This AGM-AGS design has two prominent features: its scheme ensures that the scattered X-rays of an identical energy loss are dispersed and focused to the same point in the dispersion plane of the spectrometer grating, and a special multipoint bendable grating mechanism produces a unique means to diminish effectively the defocus and coma aberrations, hence improving greatly the spectral resolution. This beamline includes two branches for soft X-ray RIXS and coherent soft X-ray scattering. The arm lengths of the AGM and the AGS are, respectively, 6.5 m and 7.5 m, as illustrated in Fig. 3. The AGS spectrometer also incorporates a multilayer polarization analyzer and a high-resolution CCD detector, aiming to achieve a resolving power greater than 45,000 at 900 eV. The last phase-I beamline, the X-ray nanoprobe (XNP) beamline, will be completed in 2016 to provide nanometer-focused X-ray probes of atomic, chemical, and electronic resolutions to resolve structures with a spatial resolution down to 40 nm in tomographic and nondestructive manners. The major planned scientific projects of the XNP beamline mostly involve pioneering work closely related to practical semiconductor-based industrial applications. The NSRRC is also planning the phase-II beamlines, consisting of 12 beamlines with photons generated from undulators and 6 bending-magnet beamlines. According to their functions, the TPS beamlines, except for those extracting photons from the IDs at the downstream side of the superconducting RF cavities, are distributed in three sectors. The spectroscopy sector has beamlines that offer the main experimental techniques of X-ray absorption, inelastic X-ray scattering, and photoemission. Beamlines that emphasize scattering and diffraction techniques for determining the structures of materials or biological systems are grouped in the diffraction sector. The third sector is the imaging sector, which includes beamlines with the main techniques of full-field imaging based on absorption or phase contrast, scanning images with focused X-ray beams, or lensless imaging using coherent scattering. Fig. 4 displays the storage ring plan, which includes the seven TPS phase-I beamlines and the eighteen TPS phase-II beamlines scheduled to be completed by 2022. The first five TPS phase II beamlines are scheduled to be completed by 2018. They are: (1) soft X-ray tomography for imaging cellular structures; (2) extended X-ray absorption fine structures; (3) nano-scale angle-resolved photoemission spectroscopy; (4) small angle X-ray scattering for biological systems; and (5) high-resolution X-ray powder diffraction.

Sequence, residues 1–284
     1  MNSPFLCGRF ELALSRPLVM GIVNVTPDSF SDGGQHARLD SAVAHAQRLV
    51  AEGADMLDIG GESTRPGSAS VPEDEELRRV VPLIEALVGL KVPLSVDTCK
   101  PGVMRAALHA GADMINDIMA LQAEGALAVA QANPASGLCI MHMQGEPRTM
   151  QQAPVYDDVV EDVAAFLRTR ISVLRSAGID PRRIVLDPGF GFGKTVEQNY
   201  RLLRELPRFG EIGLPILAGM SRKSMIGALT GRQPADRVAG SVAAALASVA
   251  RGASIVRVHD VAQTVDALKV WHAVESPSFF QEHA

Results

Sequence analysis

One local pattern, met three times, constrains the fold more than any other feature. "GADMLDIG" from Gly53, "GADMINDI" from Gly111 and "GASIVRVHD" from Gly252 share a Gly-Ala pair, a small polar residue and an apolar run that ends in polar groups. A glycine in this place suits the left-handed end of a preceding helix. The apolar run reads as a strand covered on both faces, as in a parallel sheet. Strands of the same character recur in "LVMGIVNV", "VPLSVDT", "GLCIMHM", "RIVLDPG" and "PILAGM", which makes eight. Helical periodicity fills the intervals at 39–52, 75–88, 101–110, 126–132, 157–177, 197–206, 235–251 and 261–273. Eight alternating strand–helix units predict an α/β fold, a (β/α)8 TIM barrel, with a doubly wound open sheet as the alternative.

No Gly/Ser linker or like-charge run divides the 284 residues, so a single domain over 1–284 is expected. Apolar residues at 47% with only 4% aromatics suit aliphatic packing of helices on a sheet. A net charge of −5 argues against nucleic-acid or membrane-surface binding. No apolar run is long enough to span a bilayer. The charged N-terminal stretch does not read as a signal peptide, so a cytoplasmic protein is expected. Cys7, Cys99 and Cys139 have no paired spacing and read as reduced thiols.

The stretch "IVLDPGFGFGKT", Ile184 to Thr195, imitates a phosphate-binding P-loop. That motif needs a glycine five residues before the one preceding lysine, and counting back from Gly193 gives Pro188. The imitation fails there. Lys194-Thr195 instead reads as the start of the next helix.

Fig. 4: Layout of the TPS phase-I and phase-II beamlines, grouped according to their major functions of spectroscopy, diffraction, and imaging.


Di-Jing Huang is the Deputy Director and Distinguished Scientist of the National Synchrotron Research Center, Taiwan. He is also an adjunct professor of the Department of Physics at National Tsing Hua University and the Department of Electrophysics at National Chiao-Tung University, Taiwan. After receiving his PhD from the University of Texas at Austin, US in 1994, he worked as a research associate at Brookhaven National Laboratory. His research fields are experimental solid state physics and synchrotron-based x-ray spectroscopy.